Commuters have been told not to travel from London Waterloo during the rush hour after a fire closed nine platforms.
The lineside blaze damaged cabling outside the station, meaning trains cannot use platforms 16-24.
Network Rail said “significant damage” had been caused to equipment, meaning trains will be delayed or cancelled.
Disruption is expected for the rest of the day while the Thursday morning rush hour may also be affected.
Network Rail said its engineers would be working through the night to fix the damage.
Waterloo is the busiest and largest railway station in the UK.
The platforms which are closed are normally used by trains serving Windsor, Reading, Hounslow, Richmond and Kingston.
However, services from other platforms are also being affected because trains have to be diverted or revised.
- Circular services via Hounslow, Richmond, Strawberry Hill and Kingston have been cancelled
- Trains between Waterloo and Windsor & Eton Riverside are diverted via Kingston
- Trains between Waterloo and Exeter/Salisbury are terminated and will restart from Basingstoke
Passengers were warned that services on other routes may also be subject to short-notice cancellations or delays.
In a joint statement, Network Rail and South Western Railway said commuters were “strongly advised to use alternative routes where possible and check their journeys before travelling at southwesternrailway.com for ticket acceptance and service details”.
Some passengers took to social media to express their frustration at the travel disruption.
One Twitter user described the situation as an “absolute shambles”, while others complained about being given the wrong or no information at all by train station staff.
An engineering train has derailed in south London causing the closure of the Gatwick Express service.
The train partly left the tracks at low speed outside Victoria station at about 03:00 BST.
No Gatwick Express trains are running, while Southern warned its services would be “severely reduced”.
The train has moved and the track will now be “assessed for damage” and repaired if necessary through the night, according to Southern.
Disruption is expected to last throughout Tuesday but Gatwick Express and Southern said a normal service was expected on Wednesday.
The train was stuck across a number of tracks meaning platforms nine to 13 at Victoria were blocked, while services were not able to use the “slow/stopping” lines to and from Clapham Junction.
Some trains were also unable to leave the Battersea depot – further reducing the number of services that could run.
Recovery teams cut the 50-tonne train from its two wagons and lifted it back on to the track using hydraulic jacks.
Trains running through Gatwick Airport were also disrupted by a separate signalling fault and a passenger who was injured as they left a carriage, which led to one platform becoming blocked.
Some commuters took to social media as they found their trains had been cancelled.
Other stations, including London Bridge, also became congested as people tried to find alternative routes.
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A Network Rail spokesperson said passengers should travel “via London Bridge or London Blackfriars as trains will be delayed, diverted or cancelled”.
Train tickets for Southern and Gatwick Express services have been accepted for reasonable routes on other services.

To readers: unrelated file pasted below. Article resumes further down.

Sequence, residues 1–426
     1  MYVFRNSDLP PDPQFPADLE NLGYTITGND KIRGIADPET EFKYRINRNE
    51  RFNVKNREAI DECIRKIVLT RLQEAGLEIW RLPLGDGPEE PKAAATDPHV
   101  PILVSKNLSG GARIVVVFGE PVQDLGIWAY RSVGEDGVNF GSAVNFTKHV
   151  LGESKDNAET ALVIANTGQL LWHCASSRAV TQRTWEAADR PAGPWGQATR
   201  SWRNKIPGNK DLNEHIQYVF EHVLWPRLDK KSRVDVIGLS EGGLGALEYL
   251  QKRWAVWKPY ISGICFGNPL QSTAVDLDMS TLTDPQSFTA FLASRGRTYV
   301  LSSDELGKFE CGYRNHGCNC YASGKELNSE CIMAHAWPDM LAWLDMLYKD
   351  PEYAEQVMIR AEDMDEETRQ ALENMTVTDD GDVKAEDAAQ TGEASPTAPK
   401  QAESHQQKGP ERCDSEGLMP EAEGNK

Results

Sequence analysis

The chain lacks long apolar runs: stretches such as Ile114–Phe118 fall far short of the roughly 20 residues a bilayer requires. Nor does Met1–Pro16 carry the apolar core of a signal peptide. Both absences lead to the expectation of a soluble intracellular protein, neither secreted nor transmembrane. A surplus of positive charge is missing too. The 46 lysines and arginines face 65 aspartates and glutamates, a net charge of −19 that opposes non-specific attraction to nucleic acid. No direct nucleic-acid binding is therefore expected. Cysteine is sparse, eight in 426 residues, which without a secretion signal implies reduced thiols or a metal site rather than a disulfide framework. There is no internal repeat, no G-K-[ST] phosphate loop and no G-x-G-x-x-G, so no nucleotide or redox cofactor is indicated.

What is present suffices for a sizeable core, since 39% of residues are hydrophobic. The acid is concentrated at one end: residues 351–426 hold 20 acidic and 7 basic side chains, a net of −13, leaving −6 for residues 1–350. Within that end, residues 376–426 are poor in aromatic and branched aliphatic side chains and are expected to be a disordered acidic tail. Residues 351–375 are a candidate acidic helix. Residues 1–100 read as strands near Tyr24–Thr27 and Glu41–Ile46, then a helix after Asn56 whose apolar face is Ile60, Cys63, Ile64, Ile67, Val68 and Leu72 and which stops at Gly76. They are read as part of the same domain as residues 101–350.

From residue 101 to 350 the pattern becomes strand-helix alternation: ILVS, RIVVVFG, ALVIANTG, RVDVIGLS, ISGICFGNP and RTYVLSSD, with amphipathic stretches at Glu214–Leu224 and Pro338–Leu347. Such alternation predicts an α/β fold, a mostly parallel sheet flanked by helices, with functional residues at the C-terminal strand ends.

Train services affected:
- Gatwick Express services are completely suspended
- Services to Sutton, Epsom Downs and Epsom to and from London Victoria are reduced
- Some mainline services will be diverted to London Bridge instead of London Victoria
- Southern services between London Victoria and Reigate are cancelled and passengers are advised to use Thameslink to and from Redhill and then Great Western Railway between Reigate and Redhill
- Services between London Victoria and East Grinstead will call additionally at Selhurst and Streatham Common
- Services between Milton Keynes and East Croydon will call additionally at Wandsworth Common when not already booked to do so
- Services between London Victoria and Horsham via Sutton will call additionally at Ewell East
- Southern trains from Sutton to London Bridge via Wimbledon will be cancelled. Thameslink will be running as normal
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Leicester Riders won the BBL Play-offs title for a third season in a row by beating the London City Royals 93-61 in the final at the capital’s O2 Arena.
Leicester’s defensive intensity again proved decisive in a final as they held London to just 25 second-half points.
Tim Williams led Leicester’s scoring with 20 points and Jamell Anderson and JR Holder added 17 and 14 respectively.
Matthew Bryan-Amaning crowned a fine season with 19 points for the Royals and Orlan Jackman added 16.
The Royals stayed in touch in the opening two quarters with a Leicester side that has regularly won trophies in the last five years and their former Great Britain player Bryan-Amaning looking to make his presence felt close to the basket towards the end of the first half.
Down just 44-38 when Jackman scored the first basket of the second half, the Royals then conceded 11 unanswered points in a run triggered by Leicester’s Holder and Williams.
After the Riders went on a further 11-2 run, inspired by three-pointers from Anderson and Pierre Hampton, the Royals were 24 behind and they posted just 10 points in a third quarter in which the final was all but decided.
Riders continue dominance
Leicester’s win – in their sixth final in the past eight years – is their third play-offs title and equals the feat of Kingston, Worthing and Newcastle, who also scored hat-tricks in the play-offs.